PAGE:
trates the vitality of the University which has
earned it a highly regarded position in the
educational ranks.
But unfortunately, the commendable step
proposed by the committee and approved by
the Regents is only one of many that must be
taken. The reluctance of President Hatcher to
set a tenative target date for establishment ofj
the Institute perhaps underlines the amount
of urgent work needed. "We start now and

LETTERS TO THE EDITOR:
Rationale Behind Integration Petition Explained

IJK'

To the Editor:
THIS LETTER concerns the peti-
tion on dormitory integration
sponsored by the Congregational
and Disciples Guild, the editorial
written about the petition, and the
questions that have occurred as a
result of the petition. The petition
is concerned particularly with
three criteria used for room as-
signments: race, religion and na-
tionality.
What is the rationale underlying
this petition? The basic assump-
tion is that the University has no
valid criteria which assures com-
patibility in room assignments. If
this is so then the use of race,
religion and nationality can only
be useful for segregation pur-
poses. If this is so, then let's not
use them.
IT IS OBVIOUS that the Uni-
versity must make a choice on
room assignments. Some have ar-
gued that individual choice is
gued that individual choice is
denied by the petition. Does the
freshman chose his roommate
now? If you argue that one must
have his choice then you deny the
University the right to assign
rooms on any basis.
(There is a difference between
individual choice and individual
preference. How can a freshman
make a preference concerning a
member of a group without know-

dividuals and the University as an
educational institution believe in
equality of opportunity, non-dis-
crimination, and non-segregation;
or we do not-it is as simple as
that.
If the above has an implication
of policy change then so be it.
However, we insist that the me-
chanical details are to be handled
by the University. As a result of
any change someone who finds
himself in an intolerable situation
then, of course, the University
must be able to handle it-no
matter what the problem.
We would like to turn now to
the editorial written by James
Elsman concerning the petition.
First, we would like to thank him
for recommending "that students
and faculty sign the petition . .."
The following is meant to point
out'that Mr. Elsman was confusing
on a number of points.
HE SAYS we cannot be well in-
formed since we did not consult
the administration. However. It
Was pointed out to him beforehand
that two faculty members advised
the group who were well acquaint-
ed with the situation and the posi-
tion of the administration; we
used stated policy; and actual
evidence is known to us that segre-
gation does exist in the dorms.
What schools have a policy of
non-discriminatory roommate
placement? he asks. The answer
to this question is: The University

white is roomed with a Negro?"
he asks. It was stated above that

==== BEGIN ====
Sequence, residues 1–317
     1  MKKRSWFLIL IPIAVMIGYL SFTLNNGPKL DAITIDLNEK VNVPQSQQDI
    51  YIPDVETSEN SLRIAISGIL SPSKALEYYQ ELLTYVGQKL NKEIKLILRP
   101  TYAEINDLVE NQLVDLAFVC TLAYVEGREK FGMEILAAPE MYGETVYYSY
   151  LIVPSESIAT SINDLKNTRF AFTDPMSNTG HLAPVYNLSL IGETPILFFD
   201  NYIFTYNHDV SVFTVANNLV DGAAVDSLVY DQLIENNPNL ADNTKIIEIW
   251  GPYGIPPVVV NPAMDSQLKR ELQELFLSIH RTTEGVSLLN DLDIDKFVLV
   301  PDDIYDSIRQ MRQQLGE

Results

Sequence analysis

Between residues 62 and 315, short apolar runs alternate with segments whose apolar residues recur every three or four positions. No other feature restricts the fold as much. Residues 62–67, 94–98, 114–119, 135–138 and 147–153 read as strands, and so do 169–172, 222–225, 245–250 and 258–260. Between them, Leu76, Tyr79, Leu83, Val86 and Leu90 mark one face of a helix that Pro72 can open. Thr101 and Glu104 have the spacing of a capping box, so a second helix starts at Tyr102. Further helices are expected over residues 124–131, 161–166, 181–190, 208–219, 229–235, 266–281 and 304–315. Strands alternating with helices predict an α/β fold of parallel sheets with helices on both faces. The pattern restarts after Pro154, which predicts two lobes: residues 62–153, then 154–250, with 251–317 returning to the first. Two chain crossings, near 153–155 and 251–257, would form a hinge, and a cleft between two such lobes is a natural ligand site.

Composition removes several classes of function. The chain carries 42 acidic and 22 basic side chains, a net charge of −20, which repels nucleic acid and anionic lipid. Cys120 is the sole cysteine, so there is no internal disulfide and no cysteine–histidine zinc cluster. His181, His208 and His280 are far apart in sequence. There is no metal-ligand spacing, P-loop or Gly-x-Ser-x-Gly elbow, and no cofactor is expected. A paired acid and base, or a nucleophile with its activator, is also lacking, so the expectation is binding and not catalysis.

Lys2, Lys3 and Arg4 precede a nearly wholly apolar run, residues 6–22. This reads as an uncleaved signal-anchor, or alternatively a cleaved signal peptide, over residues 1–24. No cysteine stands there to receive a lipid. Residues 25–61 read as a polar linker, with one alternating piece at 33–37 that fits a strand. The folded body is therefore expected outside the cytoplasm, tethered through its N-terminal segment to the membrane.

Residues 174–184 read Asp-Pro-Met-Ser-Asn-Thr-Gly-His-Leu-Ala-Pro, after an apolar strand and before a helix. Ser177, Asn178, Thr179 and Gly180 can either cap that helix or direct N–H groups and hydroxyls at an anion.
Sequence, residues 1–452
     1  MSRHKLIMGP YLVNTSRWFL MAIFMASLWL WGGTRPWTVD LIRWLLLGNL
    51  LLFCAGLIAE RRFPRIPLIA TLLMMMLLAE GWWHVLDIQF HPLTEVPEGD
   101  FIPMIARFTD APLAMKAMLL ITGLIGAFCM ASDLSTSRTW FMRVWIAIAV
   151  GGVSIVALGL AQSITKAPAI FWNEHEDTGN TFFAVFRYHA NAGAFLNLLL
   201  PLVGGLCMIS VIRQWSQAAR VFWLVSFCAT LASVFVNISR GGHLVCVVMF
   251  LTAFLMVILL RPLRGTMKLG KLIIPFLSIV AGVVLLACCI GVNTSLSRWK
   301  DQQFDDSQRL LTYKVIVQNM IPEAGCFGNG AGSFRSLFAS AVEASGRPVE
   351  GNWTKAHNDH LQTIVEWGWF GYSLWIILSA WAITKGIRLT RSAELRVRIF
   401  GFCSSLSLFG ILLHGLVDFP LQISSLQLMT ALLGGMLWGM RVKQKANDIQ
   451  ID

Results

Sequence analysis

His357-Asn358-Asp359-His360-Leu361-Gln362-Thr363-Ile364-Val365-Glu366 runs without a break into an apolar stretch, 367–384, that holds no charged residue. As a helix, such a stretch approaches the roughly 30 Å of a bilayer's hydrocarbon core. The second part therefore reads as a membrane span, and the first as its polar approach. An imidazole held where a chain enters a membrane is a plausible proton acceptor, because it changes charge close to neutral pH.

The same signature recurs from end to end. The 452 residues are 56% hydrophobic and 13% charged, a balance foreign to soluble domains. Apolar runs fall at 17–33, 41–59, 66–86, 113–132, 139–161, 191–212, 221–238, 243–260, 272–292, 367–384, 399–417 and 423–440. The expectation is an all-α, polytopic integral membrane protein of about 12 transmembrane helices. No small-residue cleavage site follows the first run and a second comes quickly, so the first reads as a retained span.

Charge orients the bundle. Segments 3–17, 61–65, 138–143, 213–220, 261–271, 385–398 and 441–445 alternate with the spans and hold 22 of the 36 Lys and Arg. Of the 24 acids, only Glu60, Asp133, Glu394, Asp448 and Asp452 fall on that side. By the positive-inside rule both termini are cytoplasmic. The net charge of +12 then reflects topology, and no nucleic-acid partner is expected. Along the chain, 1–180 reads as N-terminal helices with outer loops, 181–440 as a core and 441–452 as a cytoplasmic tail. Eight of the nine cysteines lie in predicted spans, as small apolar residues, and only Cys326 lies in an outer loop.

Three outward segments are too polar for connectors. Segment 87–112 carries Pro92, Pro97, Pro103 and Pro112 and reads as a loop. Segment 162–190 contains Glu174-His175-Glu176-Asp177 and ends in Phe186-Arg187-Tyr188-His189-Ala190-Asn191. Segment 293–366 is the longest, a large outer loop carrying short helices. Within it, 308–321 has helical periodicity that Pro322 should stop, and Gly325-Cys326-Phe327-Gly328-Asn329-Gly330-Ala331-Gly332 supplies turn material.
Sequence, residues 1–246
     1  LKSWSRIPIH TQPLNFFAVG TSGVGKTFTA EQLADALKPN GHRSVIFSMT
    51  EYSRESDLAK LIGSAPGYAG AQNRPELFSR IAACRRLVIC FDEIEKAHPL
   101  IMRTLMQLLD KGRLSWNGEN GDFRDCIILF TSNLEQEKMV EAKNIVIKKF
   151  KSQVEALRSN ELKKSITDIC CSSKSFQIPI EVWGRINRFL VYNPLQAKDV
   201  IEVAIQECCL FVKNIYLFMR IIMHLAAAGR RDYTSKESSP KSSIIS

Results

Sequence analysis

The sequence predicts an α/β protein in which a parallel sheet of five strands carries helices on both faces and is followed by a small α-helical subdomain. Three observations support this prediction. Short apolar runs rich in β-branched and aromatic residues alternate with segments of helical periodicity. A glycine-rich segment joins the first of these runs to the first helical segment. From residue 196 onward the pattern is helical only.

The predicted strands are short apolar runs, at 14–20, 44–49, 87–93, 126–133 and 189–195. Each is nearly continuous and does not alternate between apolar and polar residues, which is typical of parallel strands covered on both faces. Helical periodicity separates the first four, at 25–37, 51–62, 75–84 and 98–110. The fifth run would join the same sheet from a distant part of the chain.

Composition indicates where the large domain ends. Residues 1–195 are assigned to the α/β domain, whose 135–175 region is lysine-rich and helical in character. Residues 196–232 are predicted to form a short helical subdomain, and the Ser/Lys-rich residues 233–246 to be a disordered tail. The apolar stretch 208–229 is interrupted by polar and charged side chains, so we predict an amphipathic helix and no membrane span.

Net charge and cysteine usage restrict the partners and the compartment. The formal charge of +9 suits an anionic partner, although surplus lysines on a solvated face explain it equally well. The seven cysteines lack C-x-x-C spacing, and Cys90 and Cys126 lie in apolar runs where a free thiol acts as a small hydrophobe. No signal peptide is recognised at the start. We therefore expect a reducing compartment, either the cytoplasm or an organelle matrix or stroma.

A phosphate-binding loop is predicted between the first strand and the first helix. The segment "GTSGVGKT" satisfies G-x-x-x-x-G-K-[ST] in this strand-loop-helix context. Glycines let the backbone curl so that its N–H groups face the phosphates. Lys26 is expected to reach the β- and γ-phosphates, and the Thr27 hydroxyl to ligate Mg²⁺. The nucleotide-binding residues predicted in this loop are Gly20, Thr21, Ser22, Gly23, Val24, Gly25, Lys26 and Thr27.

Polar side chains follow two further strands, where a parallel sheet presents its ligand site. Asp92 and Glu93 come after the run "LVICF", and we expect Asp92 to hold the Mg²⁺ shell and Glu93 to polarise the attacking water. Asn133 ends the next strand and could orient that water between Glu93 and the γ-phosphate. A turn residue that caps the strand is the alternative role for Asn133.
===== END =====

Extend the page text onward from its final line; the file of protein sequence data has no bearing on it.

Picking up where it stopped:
this is the University's problem--
there must be a means to handle
such situations. But the burden of
proof must be on the individual.
It may very well be that the
Southern white may decide that
his roommate is human too, and
not so different after all.
The next question is a little more
subtle: "Isn't somewhat of a cos-
mopolitan environment provided
. . . (since) a free intermingling
(occurs) in bathrooms, dining
rooms, and general socializing?"
As long as people are identified
as members of a group merely on
the basis of race, religion, or na-
tional origin they are deperson-
alized and discrimination and seg-
regation will exist. The point is not
that "Christian, Jew. Negro, etc."
can socialize - this is true, of
course - the point is that people,
individuals should mingle and
socialize!
-* * *
IT HAS BEEN said by some
critics and implied in the editorial
that this petition is idealistip and
impractical. But is this so? Aren't
these merely assumptions on the
part of those who do not think in-
tegration will work, or those who
do not want it to work? Do people
not see that what the petition calls
for has much wider implications
than merely the Michigan cam-
pus?
We don't want to wave flags or

students and faculty to sign the
petition.
-Linda White, '59
-Mary Green, '59
Committee Co-chairmen
-Elizabeth Wright, '59Ed
-Jerome Wells, '58
-James Hamilton, Grad.
. ..
For Precision . .
To the Editor:
NO DOUBT some teachers will
agree with Mr. Junker's edi-
torial attacking the idea of "more
precise" grading; but I would like
to dissent at certain points. My
dissent applies both to large and
to small classes.
Perhaps a fifth of the students
in a large course will have numeri-
cal averages sufficiently close to
the presumptive dividing lines be-
tween the five letter grades so
that a decision is difficult when
various discretionary factors are
-admitted.
It is because grading is imprecise
and cannot be done with confid-
ence at these margins that I pre-
fer to have only a plus or minus, or
three-tenths of an honor point,
instead of a full honor point per
hour, hinge on my decision. Any
tendency toward ulcers I may have
is reduced when a blurry border-
line does not require a weighty
choice between two sharply separ-
ate graaes.
At the same time grading is not

al